Friday, February 03, 2006
The Babysitter’s Clubbed: “When a Stranger Calls” is Light, Suspenseful Stuff
It’s amazing what a bunch of screaming 12 year olds can add to a suspense movie. As the lights dimmed and the Hilary Duff fans’ mouths didn’t shut up, I began to worry. Could the movie be ruined? Before I knew it as the chatting turned to screams which echoed throughout the theater I realized everyone was screaming for a reason: the movie is scary! We were all in the same boat. Just me and a bunch of WB fans. Who knew? When a Stranger Calls, a remake (surprise!) of the 1979 thriller of the same name, is a taut, suspenseful shocker that makes you feel uncomfortable and delights in scaring the audience right out of its pants. At about an hour in, a small group of kids ran screaming for the door.
So everyone knows the story. Like, my sister’s friend’s cousin was babysitting and she kept getting these strange phone calls from this creepy guy. And when the police went to trace the call, they found the calls were coming from inside the house. The guy had been in the house the whole time and murdered the young children without the babysitter knowing. That’s one hundred percent true. The only thing this movie is missing is the obligatory “based on actual events” insert. Okay so the story isn’t really true, but it could happen right? Well actually, part of what makes “Stranger” scary is the fact that the film is based in realism. Sort of. Come on I know this is Hollywood popcorn stuff, but work with me here. Everyone’s afraid of being home alone, especially in a strange house at night in the middle of nowhere. It’s that fear that plagues many of us. The film uses that to its advantage. And who hasn’t been a babysitter at some point? Of course the moral of the story is not take the babysitting job in the first place. But I digress.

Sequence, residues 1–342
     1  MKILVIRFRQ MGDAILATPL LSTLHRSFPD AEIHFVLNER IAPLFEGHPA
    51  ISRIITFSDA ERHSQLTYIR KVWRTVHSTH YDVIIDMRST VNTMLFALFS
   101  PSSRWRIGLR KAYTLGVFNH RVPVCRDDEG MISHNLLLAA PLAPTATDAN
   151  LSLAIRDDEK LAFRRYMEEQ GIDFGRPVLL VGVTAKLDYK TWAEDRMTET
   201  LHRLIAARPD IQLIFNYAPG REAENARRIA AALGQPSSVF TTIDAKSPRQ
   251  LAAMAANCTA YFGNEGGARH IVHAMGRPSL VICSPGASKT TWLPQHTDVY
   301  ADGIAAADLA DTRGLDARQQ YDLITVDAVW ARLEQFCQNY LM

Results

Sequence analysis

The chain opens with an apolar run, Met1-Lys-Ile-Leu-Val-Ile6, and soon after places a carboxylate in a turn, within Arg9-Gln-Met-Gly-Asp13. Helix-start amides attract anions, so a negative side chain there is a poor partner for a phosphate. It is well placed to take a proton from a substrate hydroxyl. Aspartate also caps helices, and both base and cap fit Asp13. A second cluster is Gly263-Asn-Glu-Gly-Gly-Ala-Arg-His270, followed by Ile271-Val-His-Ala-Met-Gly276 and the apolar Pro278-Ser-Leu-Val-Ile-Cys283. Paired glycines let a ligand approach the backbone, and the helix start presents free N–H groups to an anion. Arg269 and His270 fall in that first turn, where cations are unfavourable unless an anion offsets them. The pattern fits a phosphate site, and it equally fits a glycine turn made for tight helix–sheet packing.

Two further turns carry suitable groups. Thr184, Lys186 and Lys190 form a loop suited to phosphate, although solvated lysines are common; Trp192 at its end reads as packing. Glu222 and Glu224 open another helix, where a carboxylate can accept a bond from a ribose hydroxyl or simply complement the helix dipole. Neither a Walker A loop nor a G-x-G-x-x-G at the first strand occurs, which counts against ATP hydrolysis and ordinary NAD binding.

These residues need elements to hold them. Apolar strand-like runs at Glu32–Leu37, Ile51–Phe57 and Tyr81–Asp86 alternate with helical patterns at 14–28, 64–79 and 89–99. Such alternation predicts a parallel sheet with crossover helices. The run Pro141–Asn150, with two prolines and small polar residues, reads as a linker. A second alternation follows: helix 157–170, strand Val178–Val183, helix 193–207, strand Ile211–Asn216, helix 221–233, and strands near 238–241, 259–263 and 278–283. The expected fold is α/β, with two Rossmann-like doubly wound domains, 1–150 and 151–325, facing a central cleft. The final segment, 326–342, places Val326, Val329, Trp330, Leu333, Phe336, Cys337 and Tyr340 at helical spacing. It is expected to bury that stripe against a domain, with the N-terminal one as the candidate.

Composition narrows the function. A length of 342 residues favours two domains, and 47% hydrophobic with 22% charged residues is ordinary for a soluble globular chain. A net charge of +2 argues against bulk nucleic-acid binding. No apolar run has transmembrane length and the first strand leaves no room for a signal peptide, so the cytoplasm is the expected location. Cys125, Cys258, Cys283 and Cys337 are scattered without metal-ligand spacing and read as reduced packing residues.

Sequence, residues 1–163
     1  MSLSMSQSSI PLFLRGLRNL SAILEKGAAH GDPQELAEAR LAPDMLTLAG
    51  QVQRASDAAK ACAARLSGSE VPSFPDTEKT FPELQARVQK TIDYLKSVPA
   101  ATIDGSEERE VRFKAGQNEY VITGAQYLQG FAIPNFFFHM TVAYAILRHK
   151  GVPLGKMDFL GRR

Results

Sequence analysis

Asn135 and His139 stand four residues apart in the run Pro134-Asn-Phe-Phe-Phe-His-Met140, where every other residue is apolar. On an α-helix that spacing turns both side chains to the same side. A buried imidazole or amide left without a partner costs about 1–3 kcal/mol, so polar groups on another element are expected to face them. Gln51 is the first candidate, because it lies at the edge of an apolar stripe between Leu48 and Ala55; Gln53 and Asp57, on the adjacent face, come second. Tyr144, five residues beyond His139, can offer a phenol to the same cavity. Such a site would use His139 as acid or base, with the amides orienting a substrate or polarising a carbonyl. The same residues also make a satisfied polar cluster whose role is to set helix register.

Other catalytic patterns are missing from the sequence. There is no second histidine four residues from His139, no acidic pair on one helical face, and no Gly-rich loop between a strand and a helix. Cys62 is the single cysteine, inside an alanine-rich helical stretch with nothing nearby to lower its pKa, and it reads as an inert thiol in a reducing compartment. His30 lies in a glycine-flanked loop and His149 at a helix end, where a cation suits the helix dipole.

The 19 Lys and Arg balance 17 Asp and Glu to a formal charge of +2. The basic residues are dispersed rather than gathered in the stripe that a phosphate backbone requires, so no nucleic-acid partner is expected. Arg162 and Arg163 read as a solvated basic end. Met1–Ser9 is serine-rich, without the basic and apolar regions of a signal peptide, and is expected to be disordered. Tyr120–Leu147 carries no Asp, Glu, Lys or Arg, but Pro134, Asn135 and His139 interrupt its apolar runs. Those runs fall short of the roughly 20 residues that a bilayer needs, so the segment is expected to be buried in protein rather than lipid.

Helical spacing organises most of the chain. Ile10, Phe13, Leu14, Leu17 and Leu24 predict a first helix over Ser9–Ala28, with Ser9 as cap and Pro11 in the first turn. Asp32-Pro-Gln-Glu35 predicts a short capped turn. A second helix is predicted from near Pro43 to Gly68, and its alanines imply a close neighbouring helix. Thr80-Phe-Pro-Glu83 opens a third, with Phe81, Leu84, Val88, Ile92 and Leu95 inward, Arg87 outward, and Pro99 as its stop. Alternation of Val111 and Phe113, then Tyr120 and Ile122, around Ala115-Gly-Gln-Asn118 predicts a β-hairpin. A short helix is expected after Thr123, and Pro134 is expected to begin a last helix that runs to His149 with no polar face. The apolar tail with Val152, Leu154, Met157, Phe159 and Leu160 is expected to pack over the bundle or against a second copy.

Young Jill (Camilla Belle) is a typical teenage girl with a typical teenage life. (And she actually looks like a teenager!) Her boyfriend was caught smooching with her bestest friend and she’s devastated. She racked up a huge bill on her cell phone so her dad has cut her off. She’s grounded and has to resort to filling her weekend evenings doing more constructive things than going out and partying. Her father drives her to East Bumble Whatever to baby-sit two sleeping children in a huge high tech house with even bigger windows. There seems to be a remote control for everything, even the fireplace. So of course it’s impossible to turn on the TV. The house even comes equipped with its own tropical ecosystem with chirping birds and a pond full of fish. This is tended by Rosa the house’s maid, who we most likely won’t hear from for the rest of the movie. It’s dark its windy the house is creepy. Something evil is about to go down.
Jill is plagued by phone calls that result in more static than actual talking which seems a whole lot scarier than any dialogue a writer could come up with. The fresh young actress handles her situation as well as she can. She doesn’t stay ahead of us. After all we want her to be vulnerable. And she doesn’t do anything terribly stupid. Most of the time. The film has Jill’s friend stop by the house, which just seems kind of silly. Like they need in the film her just to kill her off. Because of course we know the more people that die in a movie the scarier it is. Not true. Director Simon West (Con Air) uses his frame to his advantage. He fills up the screen in most shots of the large windows. We are just waiting in bloody nervousness for something to come into frame. And of course you’ll need an extra hand to count the clichés but what difference does that make? This isn’t Lawrence of Arabia.
I must commend West for creating an unsettling atmosphere unlike those of The Fog or The Grudge. He also makes the villain credible, creepy and most important unseen for most of the movie. And after all he’s a real person. You won’t find Freddy or Chucky here. The film doesn’t rely on scary images of eerie children, scary puddles and the house is thankfully not haunted. It’s the realistic situation that’s frightening. Nor will you find piles of gore in this PG-13 film. Remember I mentioned the Hilary Duff fans? How else would they have gotten in? They screamed a lot and if their screams are any indication the film’s success, Sony Pictures will be screaming all the way to the bank. GRADE: B+